• the everyday life of man stamps itself upon his form and figure,
    • Mid-European. We shall see some of the sculptured figures in the
    • 7. Figures of Prophets. (Main entrance,
    • These figures are far
    • within, but the forming of the figures is also called forth by the
    • represented in the figure of this woman.
    • the Church, is the Synagogue — a blinded figure. Observe the
    • whole gesture of the figure. We will show the Church once more so
    • life expressed in the two figures, Synagogue and Church.
    • lower figures, see how the forms are created out of movement and
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  • Title: History of Art: Lecture IV: Mid-European and Southern Art
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    • Art — in all the suggestive forms and figures that have come
    • Figure that works upon us. In Middle Europe it is, rather, the life
    • attitude of the figure, the quick, mobile life of soul is continued
    • between the Mary and the Christ-Figure. See how the faith in the
    • appears in the St. John and in the Mary-Figure, as the power that
    • study of the progress in the representation of the Christ-Figure,
    • shows us two figures.
    • The one, the figure of a woman, is hard to interpret. Perhaps she
    • things are not essential. The figures are undoubtedly connected,
    • Two figures. (Cathedral of Freiburg. Saxony.)
    • 5. Figures of Prophets. (Cathedral at Bamberg.)
    • We will now show a detail, the middle figure of this picture.
    • fulfilment. Follow the detail of these figures.
    • figure from the same Cathedral.
    • A figure of Mary,
    • represents the figure of:
    • figure from the Cathedral at Strasburg. The figure of the Church is
    • This figure is in
    • secular figure from the same Cathedral.
    • figures from the Cathedral at Cologne, first half of the 14th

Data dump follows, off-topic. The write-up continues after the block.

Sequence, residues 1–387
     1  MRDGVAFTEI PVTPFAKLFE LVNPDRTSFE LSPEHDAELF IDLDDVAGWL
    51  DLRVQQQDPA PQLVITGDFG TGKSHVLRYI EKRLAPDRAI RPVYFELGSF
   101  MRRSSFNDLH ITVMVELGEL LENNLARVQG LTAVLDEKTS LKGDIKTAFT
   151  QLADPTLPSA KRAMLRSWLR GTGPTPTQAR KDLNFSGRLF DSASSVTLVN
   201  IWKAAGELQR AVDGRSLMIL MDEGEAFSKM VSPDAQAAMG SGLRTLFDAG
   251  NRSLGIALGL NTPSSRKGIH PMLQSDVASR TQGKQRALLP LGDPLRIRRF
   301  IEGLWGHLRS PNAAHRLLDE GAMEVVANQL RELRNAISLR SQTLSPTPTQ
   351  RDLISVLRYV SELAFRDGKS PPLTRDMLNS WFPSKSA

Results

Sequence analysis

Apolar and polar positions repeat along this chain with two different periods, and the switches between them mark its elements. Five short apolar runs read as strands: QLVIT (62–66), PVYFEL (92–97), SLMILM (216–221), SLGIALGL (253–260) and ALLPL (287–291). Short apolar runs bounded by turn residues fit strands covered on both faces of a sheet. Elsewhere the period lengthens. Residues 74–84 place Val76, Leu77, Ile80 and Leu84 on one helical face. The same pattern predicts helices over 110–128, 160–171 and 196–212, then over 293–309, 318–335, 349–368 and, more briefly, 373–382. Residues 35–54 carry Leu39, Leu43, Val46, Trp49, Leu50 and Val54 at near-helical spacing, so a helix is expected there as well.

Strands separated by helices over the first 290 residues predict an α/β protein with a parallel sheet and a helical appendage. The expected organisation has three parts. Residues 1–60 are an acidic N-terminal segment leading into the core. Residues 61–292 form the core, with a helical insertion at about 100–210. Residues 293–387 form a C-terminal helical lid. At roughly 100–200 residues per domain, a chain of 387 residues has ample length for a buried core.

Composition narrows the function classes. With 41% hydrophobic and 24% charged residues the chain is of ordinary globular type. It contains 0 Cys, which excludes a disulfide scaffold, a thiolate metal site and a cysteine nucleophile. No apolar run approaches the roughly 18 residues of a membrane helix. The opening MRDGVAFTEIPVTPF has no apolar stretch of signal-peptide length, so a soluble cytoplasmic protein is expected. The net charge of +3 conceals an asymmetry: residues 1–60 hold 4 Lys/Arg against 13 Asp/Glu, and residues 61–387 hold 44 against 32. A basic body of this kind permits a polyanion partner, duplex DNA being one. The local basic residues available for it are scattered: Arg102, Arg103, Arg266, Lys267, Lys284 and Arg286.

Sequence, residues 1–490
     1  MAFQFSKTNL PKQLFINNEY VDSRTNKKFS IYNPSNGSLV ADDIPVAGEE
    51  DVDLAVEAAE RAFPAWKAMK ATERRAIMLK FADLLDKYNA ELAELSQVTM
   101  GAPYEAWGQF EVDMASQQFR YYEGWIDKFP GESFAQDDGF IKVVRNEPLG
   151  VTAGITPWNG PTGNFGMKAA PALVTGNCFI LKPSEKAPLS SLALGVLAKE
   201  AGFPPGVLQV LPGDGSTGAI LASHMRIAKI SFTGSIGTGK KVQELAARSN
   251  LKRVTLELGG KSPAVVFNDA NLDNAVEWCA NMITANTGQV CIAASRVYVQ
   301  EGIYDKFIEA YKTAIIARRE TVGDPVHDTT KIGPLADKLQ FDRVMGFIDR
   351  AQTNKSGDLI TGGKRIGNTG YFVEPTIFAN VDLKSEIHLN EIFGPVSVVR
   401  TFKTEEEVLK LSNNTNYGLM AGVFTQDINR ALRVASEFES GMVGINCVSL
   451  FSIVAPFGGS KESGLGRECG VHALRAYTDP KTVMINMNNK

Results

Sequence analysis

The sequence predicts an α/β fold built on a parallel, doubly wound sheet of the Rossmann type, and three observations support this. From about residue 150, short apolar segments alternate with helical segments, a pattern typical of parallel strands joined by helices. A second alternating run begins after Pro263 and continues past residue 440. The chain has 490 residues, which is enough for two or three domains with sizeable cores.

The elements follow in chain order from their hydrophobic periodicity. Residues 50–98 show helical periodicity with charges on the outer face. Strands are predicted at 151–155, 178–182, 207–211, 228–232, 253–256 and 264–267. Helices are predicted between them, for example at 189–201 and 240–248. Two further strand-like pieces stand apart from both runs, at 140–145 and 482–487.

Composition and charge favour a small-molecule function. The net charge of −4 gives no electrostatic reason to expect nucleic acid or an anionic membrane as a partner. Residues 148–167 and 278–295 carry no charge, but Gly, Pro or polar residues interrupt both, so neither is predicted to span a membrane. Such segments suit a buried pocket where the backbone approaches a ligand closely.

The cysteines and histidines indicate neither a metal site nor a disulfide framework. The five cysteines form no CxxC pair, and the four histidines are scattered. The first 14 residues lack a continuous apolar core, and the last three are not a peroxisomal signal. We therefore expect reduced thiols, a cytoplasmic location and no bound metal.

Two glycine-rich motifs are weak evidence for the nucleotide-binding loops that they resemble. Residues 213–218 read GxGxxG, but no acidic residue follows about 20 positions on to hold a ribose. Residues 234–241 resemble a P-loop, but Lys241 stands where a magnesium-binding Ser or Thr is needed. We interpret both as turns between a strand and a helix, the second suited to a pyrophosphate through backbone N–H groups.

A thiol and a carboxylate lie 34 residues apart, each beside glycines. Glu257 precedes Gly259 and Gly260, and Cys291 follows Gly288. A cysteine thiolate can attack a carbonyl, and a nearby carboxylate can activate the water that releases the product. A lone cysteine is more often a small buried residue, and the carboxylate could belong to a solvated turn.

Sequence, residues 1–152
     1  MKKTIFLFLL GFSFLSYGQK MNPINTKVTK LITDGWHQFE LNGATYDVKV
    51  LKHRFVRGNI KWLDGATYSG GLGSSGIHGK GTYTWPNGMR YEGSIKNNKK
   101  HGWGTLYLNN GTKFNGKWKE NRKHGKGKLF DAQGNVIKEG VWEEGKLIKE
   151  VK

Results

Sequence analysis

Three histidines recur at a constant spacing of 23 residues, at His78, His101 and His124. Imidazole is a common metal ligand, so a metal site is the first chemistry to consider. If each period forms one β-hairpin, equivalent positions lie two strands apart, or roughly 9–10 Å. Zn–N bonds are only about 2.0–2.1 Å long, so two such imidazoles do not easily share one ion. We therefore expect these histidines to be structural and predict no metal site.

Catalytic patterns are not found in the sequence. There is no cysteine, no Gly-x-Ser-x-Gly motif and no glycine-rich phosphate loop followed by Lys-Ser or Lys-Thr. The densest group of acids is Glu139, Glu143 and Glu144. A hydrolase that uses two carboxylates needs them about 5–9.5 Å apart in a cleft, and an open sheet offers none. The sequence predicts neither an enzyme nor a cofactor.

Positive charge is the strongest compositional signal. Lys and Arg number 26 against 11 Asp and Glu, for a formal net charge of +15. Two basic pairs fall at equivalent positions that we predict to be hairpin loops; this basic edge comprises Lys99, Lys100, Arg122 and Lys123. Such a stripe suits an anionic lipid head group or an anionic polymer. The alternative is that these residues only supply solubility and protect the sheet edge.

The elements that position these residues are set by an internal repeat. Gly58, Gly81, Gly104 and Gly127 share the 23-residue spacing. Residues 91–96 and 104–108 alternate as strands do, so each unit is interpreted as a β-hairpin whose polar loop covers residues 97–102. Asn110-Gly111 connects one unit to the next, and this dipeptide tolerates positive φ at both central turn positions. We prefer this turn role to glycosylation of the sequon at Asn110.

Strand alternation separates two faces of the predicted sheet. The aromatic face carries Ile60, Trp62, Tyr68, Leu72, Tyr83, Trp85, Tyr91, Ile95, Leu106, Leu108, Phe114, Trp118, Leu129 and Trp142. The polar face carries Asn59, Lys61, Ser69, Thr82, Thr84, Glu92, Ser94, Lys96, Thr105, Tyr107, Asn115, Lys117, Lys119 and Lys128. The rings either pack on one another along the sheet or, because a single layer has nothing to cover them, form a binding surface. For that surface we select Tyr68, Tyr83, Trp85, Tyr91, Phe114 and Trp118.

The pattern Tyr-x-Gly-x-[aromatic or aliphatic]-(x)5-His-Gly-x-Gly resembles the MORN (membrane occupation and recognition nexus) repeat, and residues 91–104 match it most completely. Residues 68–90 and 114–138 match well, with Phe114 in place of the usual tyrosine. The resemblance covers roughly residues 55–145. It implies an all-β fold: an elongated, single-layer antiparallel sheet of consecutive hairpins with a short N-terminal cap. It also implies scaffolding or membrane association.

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  • Title: History of Art: Lecture V: Rembrandt
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    • unique a figure is Rembrandt in the history of mankind. We should, indeed,
    • the surface. Even the great figures of the immediate past were appreciated
    • the great figures of Albrecht Dürer, Holbein and others. Then, as we
    • effects in a crowd of figures. The Southern painters took their start
    • sets down his figures; he lets them stand there and then he lives and
    • as it pours itself out over the figures. And as he does so, in the very
    • until at length his figures only provide him with the occasion, as it
    • creations we have the feeling: all these are no mere figures that stood
    • altogether different; it is something that hovers over the figures. The
    • figures only provide the occasion for what Rembrandt was essentially
    • creating. He created his great works by using his figures, as it were, to
    • catch the light. The figures give him the opportunity to seize the light.
    • The essential is the play of light and darkness which the figures enable
    • him to grasp. The figures merely stand there as a background; the real
    • means of the figures.
    • what is poured out over the figures that we see what is essential in
    • Rembrandt. The figures are no more than the medium for what is poured
    • or the Italian Masters. Their presentations of the Biblical figures
    • in the room is simply increased by one, so vividly does this figure
    • because he places his figures into that element in which man always
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  • Title: History of Art: Lecture VI: Dutch and Flemish Painting
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    • or that figure.
    • A figure that stands in
    • several figures are already made larger or smaller in proportion, taking
    • things are really seen, we often find figures which are obviously to